Real-life Football Manager? How Chelsea’s bold youth strategy could thrive or fail
Assessing the potential and pitfalls of the club's stockpiling scheme.
Chelsea are doing something that will be familiar to most Football Manager players: get the best scouts, scour the world, sign the wonderkids, farm them out, and profit later. But can that work in the real world, with real people?
Stephen Ganavas sums everything up and gives us an informed answer.
We’ve never seen anything in the transfer market quite like Chelsea’s recent strategy. Teams have been aggressive in trying to sign high-quality youth players before, but never to this degree.
Big fees, long contracts - the London club will do anything to woo those they have deemed the next generation. It’s a strategy those of us who love to play Football Manager will attest to — sign the best scouts, scour the world for the highest potential youngsters, then farm them until they are ready for the first team or to turn a profit.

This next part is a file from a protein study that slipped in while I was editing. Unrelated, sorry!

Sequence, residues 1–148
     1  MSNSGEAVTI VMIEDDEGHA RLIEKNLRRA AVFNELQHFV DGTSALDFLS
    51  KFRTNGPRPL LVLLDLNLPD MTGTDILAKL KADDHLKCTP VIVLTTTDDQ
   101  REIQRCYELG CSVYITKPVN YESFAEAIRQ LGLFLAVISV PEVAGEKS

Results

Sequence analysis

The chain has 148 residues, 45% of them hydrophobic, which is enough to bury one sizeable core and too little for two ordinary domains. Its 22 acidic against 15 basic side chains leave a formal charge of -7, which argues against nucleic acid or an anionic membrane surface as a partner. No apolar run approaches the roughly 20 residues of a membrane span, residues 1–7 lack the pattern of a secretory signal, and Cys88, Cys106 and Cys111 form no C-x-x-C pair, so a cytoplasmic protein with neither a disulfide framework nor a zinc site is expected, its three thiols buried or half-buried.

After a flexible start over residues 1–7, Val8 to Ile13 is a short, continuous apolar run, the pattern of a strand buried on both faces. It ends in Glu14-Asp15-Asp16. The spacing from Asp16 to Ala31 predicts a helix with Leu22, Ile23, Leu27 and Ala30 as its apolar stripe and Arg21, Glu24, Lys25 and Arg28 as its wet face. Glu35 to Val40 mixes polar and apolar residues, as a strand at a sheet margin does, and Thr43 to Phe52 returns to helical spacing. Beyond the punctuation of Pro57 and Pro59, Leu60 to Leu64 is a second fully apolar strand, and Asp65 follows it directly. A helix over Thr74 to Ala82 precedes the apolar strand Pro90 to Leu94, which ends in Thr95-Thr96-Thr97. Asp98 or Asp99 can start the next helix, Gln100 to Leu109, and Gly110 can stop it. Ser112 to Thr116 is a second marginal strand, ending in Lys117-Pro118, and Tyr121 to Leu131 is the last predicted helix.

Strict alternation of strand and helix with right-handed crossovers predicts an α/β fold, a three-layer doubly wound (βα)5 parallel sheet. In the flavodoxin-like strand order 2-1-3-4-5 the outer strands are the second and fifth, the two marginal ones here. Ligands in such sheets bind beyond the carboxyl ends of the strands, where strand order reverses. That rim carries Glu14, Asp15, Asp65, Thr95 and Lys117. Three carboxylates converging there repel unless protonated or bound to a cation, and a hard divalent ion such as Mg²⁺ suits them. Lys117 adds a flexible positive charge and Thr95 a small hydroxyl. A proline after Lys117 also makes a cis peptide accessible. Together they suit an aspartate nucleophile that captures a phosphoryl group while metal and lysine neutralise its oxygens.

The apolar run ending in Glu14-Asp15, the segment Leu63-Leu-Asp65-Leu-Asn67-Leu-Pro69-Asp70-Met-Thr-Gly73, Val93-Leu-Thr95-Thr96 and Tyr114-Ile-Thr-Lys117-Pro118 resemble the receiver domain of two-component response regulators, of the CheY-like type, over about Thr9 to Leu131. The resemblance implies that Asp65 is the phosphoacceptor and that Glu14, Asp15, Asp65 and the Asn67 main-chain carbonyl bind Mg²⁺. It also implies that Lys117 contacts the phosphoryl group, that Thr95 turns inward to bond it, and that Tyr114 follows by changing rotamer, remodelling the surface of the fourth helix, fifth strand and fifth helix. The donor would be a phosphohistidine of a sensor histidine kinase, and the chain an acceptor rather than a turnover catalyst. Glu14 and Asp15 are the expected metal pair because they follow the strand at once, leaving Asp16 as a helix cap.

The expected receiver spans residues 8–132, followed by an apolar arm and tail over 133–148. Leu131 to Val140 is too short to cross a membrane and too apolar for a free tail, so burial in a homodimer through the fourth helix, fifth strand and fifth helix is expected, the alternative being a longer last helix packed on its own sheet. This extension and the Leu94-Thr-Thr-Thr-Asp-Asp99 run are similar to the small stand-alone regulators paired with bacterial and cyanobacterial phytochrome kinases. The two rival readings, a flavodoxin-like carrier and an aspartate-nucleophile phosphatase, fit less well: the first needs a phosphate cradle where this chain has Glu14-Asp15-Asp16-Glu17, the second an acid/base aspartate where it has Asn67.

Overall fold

I speak from experience. My Champions League-winning St. Pauli squad that featured Kylian Mbappe, Yusuf Demir and Lorenzo Lucca in Football Manager 2022 also boasted reserves stacked with dozens of high-quality Under-21s from all over the planet — many farmed on loan to my compliant feeder club Duisburg and other corners of Europe.
Back on planet Earth, unfortunately (or fortunately), such a rudimentary approach eventually butts up against the realities of actual human existence. Chelsea are not dealing in pixels, but in human beings - and a lot of them.
The model used to be buy low, sell how. Chelsea are trying to turn it into buy high, sell higher. Here are the signings so far (we’ll just use Transfermarkt figures for now, but bear in mind that they often exclude potential add-ons and obviously sell-on clauses):
Does this hail-mary approach mean Chelsea are doomed? Not necessarily. Their system is novel but there are lessons to be learned from projects that have come before, some of which could help Chelsea’s effort function more effectively, even in its infancy.
And with RC Strasbourg becoming the first satellite club of ‘BlueCo’, Todd Boehly and friends are building a network they likely see as development houses for their array of starlets.
The plan has a logical shape to it. But Chelsea aren’t dealing with ones and zeros - playing FM in real life is a risky business.
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